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The optical components in an optical sensor could be fiber optics, wave guides, photodiode, spectroscopy, charge-coupled device (CCD), and interferometers. The changes in intensity, frequency, phase shift, and polarization are needed to be measured. Measurements involved are absorbance (oligo - 260 nm, peptide - 280 nm), fluorescence, refractive index, and light scattering. Surface plasmon resonance, which are particularly useful for the detection of biological molecules: (1) they can be extremely sensitive (nanomoles or less) and (2) they are nondestructive to the sample. Optical conversion technique offers an inexpensive system for the detection of heavy metals, particularly the high toxic arsenic in the environment [6]. In optical method, no reference electrode is needed, and there is no electrical interference.

Acoustic Wave Method

Acoustic wave is a kind of wave used in piezoelectric component, such as crystal, in circuits. In acoustic wave signal conversion method, radio frequency is applied to crystal which produces mechanical stress in it. As a result surface acoustic wave (SAW) is induced. When electrodes receive SAW, it can translate SAW to voltage (see in Figure. 2.3). The hybridization of probe and target molecular on the surface of quartz platform causes signal conversion and can be changed into the voltage. These are typical signal conversion components that detect the presence of low mass such as single molecule or cell.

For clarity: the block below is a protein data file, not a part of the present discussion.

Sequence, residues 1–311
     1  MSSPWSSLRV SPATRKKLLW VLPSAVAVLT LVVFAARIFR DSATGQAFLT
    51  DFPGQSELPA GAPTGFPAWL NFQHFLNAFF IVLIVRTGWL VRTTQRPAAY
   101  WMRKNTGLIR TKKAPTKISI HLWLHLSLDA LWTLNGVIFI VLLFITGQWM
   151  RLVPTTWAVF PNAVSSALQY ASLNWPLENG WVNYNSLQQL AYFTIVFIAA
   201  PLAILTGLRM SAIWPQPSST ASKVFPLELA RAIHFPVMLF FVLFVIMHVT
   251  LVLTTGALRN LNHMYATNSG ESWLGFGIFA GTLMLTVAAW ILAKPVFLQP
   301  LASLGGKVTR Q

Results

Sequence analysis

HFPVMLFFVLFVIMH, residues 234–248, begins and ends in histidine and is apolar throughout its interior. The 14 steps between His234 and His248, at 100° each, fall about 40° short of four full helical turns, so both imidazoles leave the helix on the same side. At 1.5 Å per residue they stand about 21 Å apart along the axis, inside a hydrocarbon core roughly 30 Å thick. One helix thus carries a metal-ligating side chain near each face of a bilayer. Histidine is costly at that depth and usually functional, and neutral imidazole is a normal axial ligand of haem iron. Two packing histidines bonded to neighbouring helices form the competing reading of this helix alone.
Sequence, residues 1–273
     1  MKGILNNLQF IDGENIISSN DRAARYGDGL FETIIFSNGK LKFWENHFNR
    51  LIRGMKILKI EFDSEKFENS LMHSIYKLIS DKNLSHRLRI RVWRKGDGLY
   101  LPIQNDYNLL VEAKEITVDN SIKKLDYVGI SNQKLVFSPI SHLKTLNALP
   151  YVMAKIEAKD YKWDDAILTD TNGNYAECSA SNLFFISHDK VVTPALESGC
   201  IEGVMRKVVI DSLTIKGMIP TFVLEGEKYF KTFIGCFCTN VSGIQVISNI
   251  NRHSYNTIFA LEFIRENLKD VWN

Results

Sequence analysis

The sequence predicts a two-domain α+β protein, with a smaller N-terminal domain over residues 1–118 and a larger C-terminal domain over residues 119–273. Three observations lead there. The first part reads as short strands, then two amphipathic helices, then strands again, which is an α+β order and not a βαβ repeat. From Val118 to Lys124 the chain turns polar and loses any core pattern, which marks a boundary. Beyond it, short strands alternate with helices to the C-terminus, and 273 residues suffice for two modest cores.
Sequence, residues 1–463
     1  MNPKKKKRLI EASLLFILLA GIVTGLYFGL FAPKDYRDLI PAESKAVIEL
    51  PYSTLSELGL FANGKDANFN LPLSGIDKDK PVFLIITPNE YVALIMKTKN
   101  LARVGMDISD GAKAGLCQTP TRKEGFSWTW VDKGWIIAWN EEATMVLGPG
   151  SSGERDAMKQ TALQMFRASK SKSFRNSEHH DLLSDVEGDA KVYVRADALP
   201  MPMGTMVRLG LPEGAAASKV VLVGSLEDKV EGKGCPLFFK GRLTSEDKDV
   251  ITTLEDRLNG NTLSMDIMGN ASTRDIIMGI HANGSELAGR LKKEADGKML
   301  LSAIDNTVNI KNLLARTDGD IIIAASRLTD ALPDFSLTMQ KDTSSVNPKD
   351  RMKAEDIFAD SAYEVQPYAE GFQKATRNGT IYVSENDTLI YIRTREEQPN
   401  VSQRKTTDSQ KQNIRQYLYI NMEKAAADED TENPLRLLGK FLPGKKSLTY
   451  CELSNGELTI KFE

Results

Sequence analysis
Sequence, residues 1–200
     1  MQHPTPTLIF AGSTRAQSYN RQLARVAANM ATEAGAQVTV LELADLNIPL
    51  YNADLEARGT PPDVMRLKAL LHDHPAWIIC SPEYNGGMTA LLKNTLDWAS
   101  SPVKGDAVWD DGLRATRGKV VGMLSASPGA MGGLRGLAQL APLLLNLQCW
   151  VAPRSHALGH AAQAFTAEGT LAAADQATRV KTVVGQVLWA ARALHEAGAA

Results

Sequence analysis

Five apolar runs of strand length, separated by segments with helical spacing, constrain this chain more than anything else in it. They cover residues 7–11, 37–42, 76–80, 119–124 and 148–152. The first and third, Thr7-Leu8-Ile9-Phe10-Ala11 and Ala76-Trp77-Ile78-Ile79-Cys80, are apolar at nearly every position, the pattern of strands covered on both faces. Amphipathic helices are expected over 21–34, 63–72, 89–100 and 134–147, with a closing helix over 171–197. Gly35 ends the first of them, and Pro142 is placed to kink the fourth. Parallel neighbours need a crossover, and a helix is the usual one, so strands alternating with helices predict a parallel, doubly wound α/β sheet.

Figure 2.3 Schematic Diagram of acoustic wave biosensor- probe and target molecule

binding on the surface of quartz platform caused difference in the voltage

Electromechanical Method